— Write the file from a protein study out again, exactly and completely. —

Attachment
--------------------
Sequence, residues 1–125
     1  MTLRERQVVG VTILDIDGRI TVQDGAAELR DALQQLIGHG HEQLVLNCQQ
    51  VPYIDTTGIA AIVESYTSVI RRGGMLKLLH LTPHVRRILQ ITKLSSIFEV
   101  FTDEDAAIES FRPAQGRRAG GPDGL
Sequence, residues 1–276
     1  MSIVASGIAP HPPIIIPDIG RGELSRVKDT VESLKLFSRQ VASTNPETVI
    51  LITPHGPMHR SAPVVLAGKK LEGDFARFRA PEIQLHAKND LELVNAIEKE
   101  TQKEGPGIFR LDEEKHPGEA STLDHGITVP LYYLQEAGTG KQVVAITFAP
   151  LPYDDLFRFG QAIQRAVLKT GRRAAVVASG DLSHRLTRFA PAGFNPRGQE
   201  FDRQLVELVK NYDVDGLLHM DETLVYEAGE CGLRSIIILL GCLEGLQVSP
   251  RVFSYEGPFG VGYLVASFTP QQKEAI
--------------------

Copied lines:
Sequence, residues 1–125
     1  MTLRERQVVG VTILDIDGRI TVQDGAAELR DALQQLIGHG HEQLVLNCQQ
    51  VPYIDTTGIA AIVESYTSVI RRGGMLKLLH LTPHVRRILQ ITKLSSIFEV
   101  FTDEDAAIES FRPAQGRRAG GPDGL
Sequence, residues 1–276
     1  MSIVASGIAP HPPIIIPDIG RGELSRVKDT VESLKLFSRQ VASTNPETVI
    51  LITPHGPMHR SAPVVLAGKK LEGDFARFRA PEIQLHAKND LELVNAIEKE
   101  TQKEGPGIFR LDEEKHPGEA STLDHGITVP LYYLQEAGTG KQVVAITFAP
   151  LPYDDLFRFG QAIQRAVLKT GRRAAVVASG DLSHRLTRFA PAGFNPRGQE
   201  FDRQLVELVK NYDVDGLLHM DETLVYEAGE CGLRSIIILL GCLEGLQVSP
   251  RVFSYEGPFG VGYLVASFTP QQKEAI